Nearly half of Pennsylvania registered voters, 46 percent, believe the state is "headed in the right direction," according to a new Franklin and Marshall College poll released Thursday — the first time since 2009 that more respondents chose that option than said the state was on the wrong track.
"That's primarily driven by improvements in the economy. Compared to even a few years ago, a lot more people are working," said Terry Madonna, poll director and public-affairs professor at the Lancaster college. The recession of 2008-09 was deeper and the recovery was slower in Pennsylvania than in some other parts of the nation.
Forty percent of respondents in the new poll agreed with the proposition that the state was on the wrong track.
The survey, conducted for the Inquirer and Daily News and other news outlets across the state, found a high level of interest in this year's midterm elections, with 48 percent of voters saying they were very interested and paying close attention to the campaigns. In addition, 60 percent of Democrats, compared to 41 percent of Republicans, placed themselves in the "very interested" category — often used by pollsters as a measure of relative partisan enthusiasm.
More registered voters said they expected to vote for the Democratic candidate for U.S. House in their district than picked the Republican, 42 percent to 35 percent, a 7-percentage-point advantage. By comparison, Democrats were favored by an average of 6.8 percentage points on the so-called generic ballot test in the Real Clear Politics compendium of polls conducted between March 10 and 27.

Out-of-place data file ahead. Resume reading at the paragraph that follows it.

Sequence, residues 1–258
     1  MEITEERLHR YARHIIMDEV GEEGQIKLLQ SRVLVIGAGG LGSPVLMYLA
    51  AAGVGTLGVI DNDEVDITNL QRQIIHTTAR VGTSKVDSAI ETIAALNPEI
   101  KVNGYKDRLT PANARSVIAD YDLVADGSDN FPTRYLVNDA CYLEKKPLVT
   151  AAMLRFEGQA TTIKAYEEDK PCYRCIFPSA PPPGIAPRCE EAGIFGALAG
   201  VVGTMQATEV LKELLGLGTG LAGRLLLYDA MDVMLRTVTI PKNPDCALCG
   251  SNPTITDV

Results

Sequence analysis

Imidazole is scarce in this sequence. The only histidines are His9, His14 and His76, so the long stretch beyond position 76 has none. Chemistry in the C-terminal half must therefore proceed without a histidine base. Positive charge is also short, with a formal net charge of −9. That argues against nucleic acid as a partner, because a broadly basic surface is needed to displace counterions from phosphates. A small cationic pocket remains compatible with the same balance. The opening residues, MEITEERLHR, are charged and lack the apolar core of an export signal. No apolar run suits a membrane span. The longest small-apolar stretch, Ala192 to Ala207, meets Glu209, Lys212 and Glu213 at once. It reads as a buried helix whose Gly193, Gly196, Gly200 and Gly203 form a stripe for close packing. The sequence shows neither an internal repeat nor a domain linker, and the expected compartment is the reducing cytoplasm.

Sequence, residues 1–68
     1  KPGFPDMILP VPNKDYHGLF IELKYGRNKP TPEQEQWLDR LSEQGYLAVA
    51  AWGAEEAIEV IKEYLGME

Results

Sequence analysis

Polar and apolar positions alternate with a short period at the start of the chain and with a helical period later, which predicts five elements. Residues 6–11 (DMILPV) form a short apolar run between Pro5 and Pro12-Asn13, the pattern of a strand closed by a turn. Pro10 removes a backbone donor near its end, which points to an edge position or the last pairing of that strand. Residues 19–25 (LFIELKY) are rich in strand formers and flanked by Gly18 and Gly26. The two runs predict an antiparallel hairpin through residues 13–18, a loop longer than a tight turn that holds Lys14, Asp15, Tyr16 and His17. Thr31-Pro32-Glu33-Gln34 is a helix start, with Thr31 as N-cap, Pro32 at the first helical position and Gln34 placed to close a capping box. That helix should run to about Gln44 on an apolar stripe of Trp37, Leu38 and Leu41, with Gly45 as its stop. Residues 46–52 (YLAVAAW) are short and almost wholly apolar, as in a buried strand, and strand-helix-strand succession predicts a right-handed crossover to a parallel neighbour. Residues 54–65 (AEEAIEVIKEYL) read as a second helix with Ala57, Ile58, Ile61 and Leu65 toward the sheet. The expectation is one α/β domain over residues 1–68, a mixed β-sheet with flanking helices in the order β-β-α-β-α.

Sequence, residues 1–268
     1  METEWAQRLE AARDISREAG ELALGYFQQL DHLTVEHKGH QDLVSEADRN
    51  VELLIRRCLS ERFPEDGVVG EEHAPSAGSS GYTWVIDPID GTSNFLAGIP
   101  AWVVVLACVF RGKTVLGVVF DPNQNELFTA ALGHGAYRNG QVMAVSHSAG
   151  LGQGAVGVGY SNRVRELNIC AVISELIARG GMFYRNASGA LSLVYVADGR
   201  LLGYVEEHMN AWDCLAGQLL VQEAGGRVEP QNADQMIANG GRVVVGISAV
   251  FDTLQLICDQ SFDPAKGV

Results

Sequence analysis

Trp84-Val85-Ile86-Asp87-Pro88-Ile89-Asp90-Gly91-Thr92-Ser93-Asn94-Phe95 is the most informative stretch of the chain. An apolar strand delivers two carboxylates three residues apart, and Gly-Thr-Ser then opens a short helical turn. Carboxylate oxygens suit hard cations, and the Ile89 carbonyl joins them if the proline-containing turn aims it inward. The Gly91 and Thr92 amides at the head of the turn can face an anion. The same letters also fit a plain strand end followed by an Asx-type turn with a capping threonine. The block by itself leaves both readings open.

"What we're seeing here is more evidence of a Democratic wave," Madonna said, noting that there is plenty of time for the out party's advantage to shrink. Given historical trends of the party that does not hold the White House picking up House seats in a president's first-term midterm elections, "The only thing we're going to be debating is the size of the wave," Madonna said.
Democratic Gov. Wolf, seeking his second term, sits in a strong position a little more than seven months from Election Day, the poll found. Wolf had a personal favorability rating of 50 percent when combining voters who had "strongly" or "somewhat" favorable views of the governor. He had not reached that level of approval since taking office in January 2015.
Wolf probably benefits from the general sense of Democratic momentum and increased optimism about the economy in Pennsylvania. He has contended with strong GOP opposition in the legislature, but has a calm personality and "no definable negatives," Madonna said.
Tested head-to-head with the three Republicans vying to take him on, Wolf held substantial leads against State Sen. Scott Wagner of York County, Allegheny County businessman Paul Mango, and Allegheny County lawyer Laura Ellsworth. However, large percentages of registered voters said they were undecided in these hypothetical match-ups.
In other findings, the poll showed broad support for increased restrictions on firearms following the Parkland, Fla., school shootings and the anti-gun-violence youth protests – 86 percent of registered voters favored expanded background checks for gun purchases, 61 percent backed a ban on assault-style weapons, and 59 percent said the minimum age to purchase a gun should be raised to 21.
Results of the F&M poll are based on live telephone interviews with 423 Pennsylvania registered voters between March 19 and 26. The error margin for the survey is plus or minus 6.8 percentage points.